It is registered to a certain Jennifer Vilayvong  who is a real middle-aged lady with kids who lives in a nice two-story red house with black trimmings in the quiet town of Macon, Georgia, USA. Her name does come up with a couple of other websites tagged as belonging to fraudsters such as the United Basic Development Organisation. It is possible that she is unaware that her name and address are being used for nefarious purposes and she herself may have recently been a victim of identity theft by the international fraud nexus.

The Roland Chambers website is supposedly based in the UK (but does not use .co.uk). The website itself looks fairly innocuous with an “Impossibility is never in our dictionary” running banner and  solicitors named David Bauer, Frederick Fridge, Roy Smith, Jose Mathias, Alien Cook [sic], and Joyce Russell.

There are a lot of other subtle and not-so-subtle clues, but I immediately focused on the address given – “Rowland Chambers, 1 Crown Court,66 Cheapside, London”. In the previous incarnation of the website, if you did a map-search of the location that was given and selected the street-view, you’d get a house somewhere in London which would immediately arouse your suspicions. The scammers have evolved now and you are not so sure because the view is of a cluster of shops hidden from plain sight.

One Crown Court, Cheapside, London

I have to smile and appreciate one thing though. If you dig deep enough, you’ll find that the address belongs to a legitimate law film in the borough of London known as Doyle Clayton Solicitors Limited.

Who says that because fraudsters are devious, that they are naturally incompetent as well?

Someone sleeps to forget. The rest of us sleep to remember.

I just read a clinical report of a patient who claimed that her working memory got erased every morning after a night of sleep. This is important news for Hindi movie-directors in need of a new type of amnesia for the big screen, but the rest of us will find it interesting too:

Since an automobile accident in 2005, patient FL has reported difficulty retaining information from one day to the next. During the course of any given day, she describes her memory as normal. However, memory for each day disappears during a night of sleep. She reports good memory for events that occurred before the accident. Although this pattern of memory impairment is, to our knowledge, unique to the medical literature, it was depicted in the fictional film “50 First Dates”.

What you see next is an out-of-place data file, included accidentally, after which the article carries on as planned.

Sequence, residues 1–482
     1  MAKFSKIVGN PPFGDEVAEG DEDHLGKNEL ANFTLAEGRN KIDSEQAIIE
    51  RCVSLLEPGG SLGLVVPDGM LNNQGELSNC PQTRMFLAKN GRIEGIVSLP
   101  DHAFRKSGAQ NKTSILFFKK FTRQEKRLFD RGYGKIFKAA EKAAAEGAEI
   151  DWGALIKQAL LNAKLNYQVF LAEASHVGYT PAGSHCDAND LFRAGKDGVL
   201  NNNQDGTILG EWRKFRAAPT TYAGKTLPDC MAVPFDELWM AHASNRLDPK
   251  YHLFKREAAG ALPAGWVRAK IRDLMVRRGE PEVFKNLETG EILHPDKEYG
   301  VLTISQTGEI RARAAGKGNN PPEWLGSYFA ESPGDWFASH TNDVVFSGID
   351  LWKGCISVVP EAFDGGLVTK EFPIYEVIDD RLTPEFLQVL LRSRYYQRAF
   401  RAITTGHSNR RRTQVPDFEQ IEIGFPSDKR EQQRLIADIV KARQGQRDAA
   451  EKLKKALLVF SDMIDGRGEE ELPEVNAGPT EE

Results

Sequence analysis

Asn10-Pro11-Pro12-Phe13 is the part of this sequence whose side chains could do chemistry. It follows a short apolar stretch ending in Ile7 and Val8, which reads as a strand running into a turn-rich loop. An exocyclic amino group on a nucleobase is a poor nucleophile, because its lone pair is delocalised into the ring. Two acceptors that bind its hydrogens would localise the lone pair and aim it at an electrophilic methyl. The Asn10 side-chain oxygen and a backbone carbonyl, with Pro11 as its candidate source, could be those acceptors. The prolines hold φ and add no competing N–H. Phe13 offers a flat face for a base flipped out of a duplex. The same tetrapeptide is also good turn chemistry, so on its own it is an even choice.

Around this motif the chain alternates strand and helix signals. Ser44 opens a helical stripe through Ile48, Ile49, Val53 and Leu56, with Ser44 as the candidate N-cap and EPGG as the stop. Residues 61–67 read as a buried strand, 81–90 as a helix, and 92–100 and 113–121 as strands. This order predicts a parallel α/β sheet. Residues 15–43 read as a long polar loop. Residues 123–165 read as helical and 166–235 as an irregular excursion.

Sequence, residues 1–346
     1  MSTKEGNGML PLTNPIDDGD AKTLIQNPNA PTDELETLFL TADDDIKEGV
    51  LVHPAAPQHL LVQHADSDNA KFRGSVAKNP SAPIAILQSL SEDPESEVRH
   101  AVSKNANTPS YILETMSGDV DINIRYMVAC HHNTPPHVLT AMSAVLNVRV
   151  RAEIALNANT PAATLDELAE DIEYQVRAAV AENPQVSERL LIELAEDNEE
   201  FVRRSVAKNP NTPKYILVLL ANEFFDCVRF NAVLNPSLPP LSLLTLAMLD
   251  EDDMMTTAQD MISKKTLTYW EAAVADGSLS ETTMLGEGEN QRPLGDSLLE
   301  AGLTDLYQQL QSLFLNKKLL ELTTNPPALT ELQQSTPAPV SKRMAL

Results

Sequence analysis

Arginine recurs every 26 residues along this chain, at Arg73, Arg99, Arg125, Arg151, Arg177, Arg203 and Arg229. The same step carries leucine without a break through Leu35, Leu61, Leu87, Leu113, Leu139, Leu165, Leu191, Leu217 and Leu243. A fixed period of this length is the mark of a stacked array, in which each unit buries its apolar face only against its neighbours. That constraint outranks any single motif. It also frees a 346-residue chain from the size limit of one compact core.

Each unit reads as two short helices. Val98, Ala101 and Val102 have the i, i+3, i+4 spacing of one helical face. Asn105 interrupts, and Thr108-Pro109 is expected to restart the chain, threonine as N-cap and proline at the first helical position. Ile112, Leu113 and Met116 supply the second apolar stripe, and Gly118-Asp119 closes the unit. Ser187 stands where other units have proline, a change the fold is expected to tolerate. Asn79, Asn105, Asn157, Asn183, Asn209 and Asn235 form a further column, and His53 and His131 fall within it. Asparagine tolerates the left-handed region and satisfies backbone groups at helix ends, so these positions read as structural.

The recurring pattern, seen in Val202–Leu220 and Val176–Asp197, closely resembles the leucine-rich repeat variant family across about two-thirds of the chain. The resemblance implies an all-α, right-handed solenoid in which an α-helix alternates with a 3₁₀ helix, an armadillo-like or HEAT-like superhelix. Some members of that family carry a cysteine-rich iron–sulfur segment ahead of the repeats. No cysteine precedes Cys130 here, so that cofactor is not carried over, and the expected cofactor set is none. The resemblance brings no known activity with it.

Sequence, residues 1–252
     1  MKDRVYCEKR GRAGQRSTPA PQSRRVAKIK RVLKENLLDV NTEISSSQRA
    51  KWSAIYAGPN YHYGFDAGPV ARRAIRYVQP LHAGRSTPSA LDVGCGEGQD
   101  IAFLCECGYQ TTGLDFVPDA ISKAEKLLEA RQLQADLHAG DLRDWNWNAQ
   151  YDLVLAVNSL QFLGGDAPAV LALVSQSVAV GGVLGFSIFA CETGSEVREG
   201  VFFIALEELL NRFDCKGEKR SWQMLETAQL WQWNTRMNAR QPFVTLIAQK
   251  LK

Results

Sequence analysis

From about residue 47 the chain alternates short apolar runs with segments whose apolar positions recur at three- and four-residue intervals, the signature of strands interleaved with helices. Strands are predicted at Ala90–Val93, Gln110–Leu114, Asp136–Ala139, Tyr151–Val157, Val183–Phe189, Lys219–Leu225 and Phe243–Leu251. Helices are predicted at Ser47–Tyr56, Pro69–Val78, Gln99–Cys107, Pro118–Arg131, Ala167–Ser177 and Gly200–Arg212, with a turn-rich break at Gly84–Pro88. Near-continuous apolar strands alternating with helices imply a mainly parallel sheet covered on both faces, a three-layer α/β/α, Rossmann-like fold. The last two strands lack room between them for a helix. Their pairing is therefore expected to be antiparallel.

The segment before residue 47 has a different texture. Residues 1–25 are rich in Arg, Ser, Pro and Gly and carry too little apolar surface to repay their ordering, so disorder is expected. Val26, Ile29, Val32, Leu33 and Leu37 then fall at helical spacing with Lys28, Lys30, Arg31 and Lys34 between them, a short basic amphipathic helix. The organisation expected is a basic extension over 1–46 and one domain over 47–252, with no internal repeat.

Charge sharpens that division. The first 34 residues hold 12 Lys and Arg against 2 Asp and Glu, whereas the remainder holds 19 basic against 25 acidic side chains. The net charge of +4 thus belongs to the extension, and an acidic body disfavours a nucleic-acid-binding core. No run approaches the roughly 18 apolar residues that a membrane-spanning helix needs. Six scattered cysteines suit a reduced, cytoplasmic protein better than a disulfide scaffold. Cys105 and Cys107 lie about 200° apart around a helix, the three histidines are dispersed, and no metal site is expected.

The patient was clearly able to recall event that happened the same day, but did poorly when asked about events that happened the previous day. When the researchers mixed questions about current and past events without the patient’s knowledge, she did fairly well. What that might suggest is that she had been lying all along, but researchers also found genuine lapses in procedural memory involving motor skills – something much harder to fake.

What is worth noting is that researchers couldn’t find anything physically wrong with her brain after multiple tests so they concluded that she suffered from a genuine type of functional amnesia similar to that depicted in the movie 50 First Dates. Although the patient claimed to not having seen the movie, she did admit that Drew Barrymore, who acted in it, was one of her favorite actresses.

Researchers hypothesized that this peculiar form of amnesia might have actually developed from her knowledge of plot elements in the movie. This isn’t art imitating life. This is art (or more accurately, a cheesy movie) influencing life.

There is a happy ending here though. In a hospital, the patient was trained to overcome her amnesia by waking up every 4.5 hours.

Why is this bizarre story so amazing? Well, there is a huge body of evidence which suggests that sleep plays a major role in the consolidation of memories. In other words, while we sleep new, adaptable memories become embedded into our memory network and become more stable. Even a single night of sleep-deprivation has the ability to impact memory retention, which explains why I don’t remember anything from my exam-induced college all-nighters. In the way memories are consolidated, the patient FL seems to be different from most other people.

So what can you do to improve your memory?  I was hoping you’d ask.